Naturally, the parametric world was not eager to die. Indeed, the Institution of Policy had become a proud one, training and promoting its elites and protecting all challenges from outside. Framework, typically a unwarranted rambling of one-line attestations from the Institution of Policy’s own elites, became the default response to the kritical challenge. Tab-trained judges, while professing a blank slate, would correctly interpret arguments through this framework lens and render ballots that preserved the institution’s hegemony. Framework became a last-ditch effort for the Institute elites who had nearly killed the sport, barricading the castle doors to hold off the surging critical hordes.

A notable experiment was conducted at Novice Nationals in Iowa City this year through the running of a holistic resolutional advocacy affirmative case based on information theory and transhumanist philosophy, to which self-proclaimed “tab” judges voted it down consistently and granting a low-points win to the opposition with comments like “You’re the better team but without framework, I don’t have a way to give you a ballot” and “You won on all the arguments, but this is nothing more than Baudrillard sh*t that I can’t evaluate” and “I had to give the negative a ton of extra latitude because there was no way they could have anticipated this case” (when the case was the advocacy of the resolution itself, something that should not be a surprise at the end of a season, even to the most nuanced and experienced of framework debaters). Even statements such as “You’re doing kritiks wrong – they’re all pre-fiat but your arguments don’t work that way. You have to tell me if you’re pre or post fiat so I know where to weigh things” were illustrating of a judge seeking correctness of statements, not truth. A mere consultation of 80 years of debate theory would have given simple guidance on how to evaluate those rounds, and a judge from 1904 would have little difficulty in handling the debate. How is it that today’s “clean slate” judge is so remarkably lost without his exhaustive collection of preconditional technocratic baggage, unable to evaluate the most simple of cases: we advocate the resolution as true?

Where do we go from here?
Kritik’s arrival (and the corresponding empty participation of the policy form) pronounced an inevitable transition in landscape, a literal third parasite of noise scaring away the Institute’s parametric parasites feasting upon debate’s rotting carcass. Recognizing its call of the question of the form of truth evaluated, Heidegger’s advice of the return to the unhiding of the Being examined is prudent.

Using the Institute’s own weapon against it, framework’s defense is most illuminating as to where we must go. The Institute attests through the Religion of Framework that we may have an outlandish world where nothing is agreed upon. The critical debater engages us with harmful philosophical thoughts, the Institute’s debater argues through technocratic PolicySpeak at incoherent speeds of noise and little signal. Both critical debater and Institute delegate argue that we are inherently lost as there is no common ground. This premise is false, and it is a point we may find for re-engagement as we illuminate the appearance of the arriving posthuman debate. Indeed, we do have common ground. It stares us in the face as dereferenced symbols, their meaning long lost, as we refer to an affirmative and negative. What is to be affirmed or negated? Of course, the resolution! As Asher Haig begs the question “are we resolved,” I argue that we indeed agree to affirm or negate the ground defined by the resolution that all parties, including the judge, have agreed to see debated. This is our minimal ground, and sans material intervention, a return to the unhiding of the truth or falsehood of that resolutional statement is a very good place to begin our post-framework exploration.

Preliminary Theses
Note: To suggest that any list here would be comprehensive and free from error would be the greatest of performative contradictions. Subsequently, this list is presented as incomplete, prone to error, and requiring of further illumination through argumentation, debate and trial.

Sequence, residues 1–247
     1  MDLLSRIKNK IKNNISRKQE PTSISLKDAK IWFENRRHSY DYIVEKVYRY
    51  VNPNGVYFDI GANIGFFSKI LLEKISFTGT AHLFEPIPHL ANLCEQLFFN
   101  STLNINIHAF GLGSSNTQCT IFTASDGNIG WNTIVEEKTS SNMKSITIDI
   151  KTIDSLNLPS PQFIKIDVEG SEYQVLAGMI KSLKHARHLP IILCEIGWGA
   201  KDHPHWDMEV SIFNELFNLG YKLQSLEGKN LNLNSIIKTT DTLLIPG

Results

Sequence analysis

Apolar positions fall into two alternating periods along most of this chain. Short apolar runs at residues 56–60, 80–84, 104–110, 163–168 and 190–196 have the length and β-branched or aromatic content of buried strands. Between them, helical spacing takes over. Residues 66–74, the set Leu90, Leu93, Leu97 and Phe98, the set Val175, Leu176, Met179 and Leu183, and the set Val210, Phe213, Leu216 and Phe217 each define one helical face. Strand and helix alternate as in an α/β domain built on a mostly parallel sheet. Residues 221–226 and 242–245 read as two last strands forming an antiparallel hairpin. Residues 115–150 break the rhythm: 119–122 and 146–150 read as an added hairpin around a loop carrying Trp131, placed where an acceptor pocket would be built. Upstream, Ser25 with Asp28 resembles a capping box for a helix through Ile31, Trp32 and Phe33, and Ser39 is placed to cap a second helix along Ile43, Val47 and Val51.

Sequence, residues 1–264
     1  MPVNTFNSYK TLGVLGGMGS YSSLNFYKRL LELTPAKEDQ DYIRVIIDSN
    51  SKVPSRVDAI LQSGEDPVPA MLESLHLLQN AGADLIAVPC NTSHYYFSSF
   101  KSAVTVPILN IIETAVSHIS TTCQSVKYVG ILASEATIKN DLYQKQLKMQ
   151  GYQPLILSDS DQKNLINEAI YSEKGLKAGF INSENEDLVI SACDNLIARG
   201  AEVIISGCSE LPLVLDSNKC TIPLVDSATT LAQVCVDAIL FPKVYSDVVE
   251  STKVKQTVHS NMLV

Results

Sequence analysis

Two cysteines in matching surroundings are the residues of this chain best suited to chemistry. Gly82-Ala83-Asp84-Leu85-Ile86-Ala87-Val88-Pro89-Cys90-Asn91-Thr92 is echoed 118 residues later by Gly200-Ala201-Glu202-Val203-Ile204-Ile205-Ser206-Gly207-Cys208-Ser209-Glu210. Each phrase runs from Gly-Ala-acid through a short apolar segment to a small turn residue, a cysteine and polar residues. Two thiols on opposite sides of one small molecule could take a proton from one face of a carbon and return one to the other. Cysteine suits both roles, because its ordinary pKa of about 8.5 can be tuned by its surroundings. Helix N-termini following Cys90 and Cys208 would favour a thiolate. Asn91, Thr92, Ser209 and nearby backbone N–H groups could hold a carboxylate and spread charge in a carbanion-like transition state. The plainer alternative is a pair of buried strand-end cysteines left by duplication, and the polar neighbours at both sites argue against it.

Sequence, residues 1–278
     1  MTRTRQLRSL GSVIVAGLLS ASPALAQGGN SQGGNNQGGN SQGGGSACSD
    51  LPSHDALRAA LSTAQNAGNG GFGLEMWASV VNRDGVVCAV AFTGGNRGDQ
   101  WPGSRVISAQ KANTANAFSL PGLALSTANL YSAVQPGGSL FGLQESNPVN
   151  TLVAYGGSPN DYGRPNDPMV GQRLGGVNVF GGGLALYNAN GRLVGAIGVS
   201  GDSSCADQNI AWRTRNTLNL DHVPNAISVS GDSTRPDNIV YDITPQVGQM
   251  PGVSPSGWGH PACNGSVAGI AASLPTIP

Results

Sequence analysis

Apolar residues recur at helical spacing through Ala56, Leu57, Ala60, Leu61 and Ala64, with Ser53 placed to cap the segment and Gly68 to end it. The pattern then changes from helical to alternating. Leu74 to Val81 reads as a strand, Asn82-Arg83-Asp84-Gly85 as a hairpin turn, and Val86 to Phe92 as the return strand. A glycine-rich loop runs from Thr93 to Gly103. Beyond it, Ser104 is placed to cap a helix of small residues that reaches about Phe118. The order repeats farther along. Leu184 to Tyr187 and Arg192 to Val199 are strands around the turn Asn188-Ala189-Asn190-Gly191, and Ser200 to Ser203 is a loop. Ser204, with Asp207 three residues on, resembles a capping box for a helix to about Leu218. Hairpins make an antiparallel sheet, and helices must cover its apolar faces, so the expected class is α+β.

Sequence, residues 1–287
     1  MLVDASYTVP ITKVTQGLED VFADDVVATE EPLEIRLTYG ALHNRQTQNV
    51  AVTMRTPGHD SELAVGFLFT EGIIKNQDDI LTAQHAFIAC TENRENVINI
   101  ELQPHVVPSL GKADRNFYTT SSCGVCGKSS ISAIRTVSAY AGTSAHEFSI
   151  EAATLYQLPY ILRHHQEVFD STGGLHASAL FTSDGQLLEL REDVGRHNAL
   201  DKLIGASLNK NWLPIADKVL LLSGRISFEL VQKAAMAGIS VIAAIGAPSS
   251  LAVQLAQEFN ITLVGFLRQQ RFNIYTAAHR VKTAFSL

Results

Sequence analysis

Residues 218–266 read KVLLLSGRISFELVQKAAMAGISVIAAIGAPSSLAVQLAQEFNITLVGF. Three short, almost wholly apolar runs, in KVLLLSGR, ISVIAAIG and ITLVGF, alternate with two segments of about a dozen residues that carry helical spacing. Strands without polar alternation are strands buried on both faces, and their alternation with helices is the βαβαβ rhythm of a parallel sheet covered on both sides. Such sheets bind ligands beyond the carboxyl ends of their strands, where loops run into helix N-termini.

1. A candidate judging paradigm worthy of discovery and illumination is that of the Information Theorist: As observers involved in the distorted human world of signal/noise, we employ our information discovery methods through the witness of the unhiding and illumination of the argument through clash in a manner similar to that of the hypothesis tester, yet with the recognition that we are not scientists measuring in a quantifiable, error-free gaussian universe. Instead, we are limited observers in a quantum, distorted dimension complicated by noise.
  2. Policy defines the independent variable of what form our resolution will be in, not the dependent variable of how we will debate it: Even the world’s greatest econometrician is unable to control both sides of the equation. Our debate, which provides a policy statement as the input, may be evaluated through policy concerns, philosophical issues and in-round kritik, not to mention the inevitable coefficient of error we must include. A subsequent equation may be that the function of a policy debate round: RFD = a + POLICY + PHILOSOPHY + KRITIKAL IN-ROUND DYNAMICS + error
  3. Holistic advocacy is neither absolute in resolution domain coverage nor minimalist in scope: Avoiding the theoretical extremes explored in CEDA examination and subsequent abnormal constraints upon the debater, holistic advocacy instead denotes the debate over the resolution in a form that is inclusive of the modality of thought. This modality may include policy, philosophy, critique and other not-yet-anticipated forms. It is up to the debater to determine through his/her advocacy whether his models are representative of the resolution, in a form that would prove the resolution true or false, and up to the judge to evaluate this test. Subsequently, while a parametric plan representing 0.000001% of resolution space is most likely to be problematic and unable to project the truth/falsehood of the whole resolution, no debater should be held to a requirement that 100% must be advocated. A sufficient model that demonstrates truth of the resolution statement should be our goal.
  4. Posthumanism and information theory will reform the landscape, creating new mountains and oceans we can’t yet anticipate: By recognizing debate’s role in the uncovering, transmission, distortion and correction of information through the process of attaining knowledge, and realizing our own role as embodied information and transmitters of memes, new areas will be emphasized while others set aside. Will extreme speeds be recognized as impeding signal and increasing distortion and noise? Or will we recognize it as data compression and evolve methods to protect the integrity of message?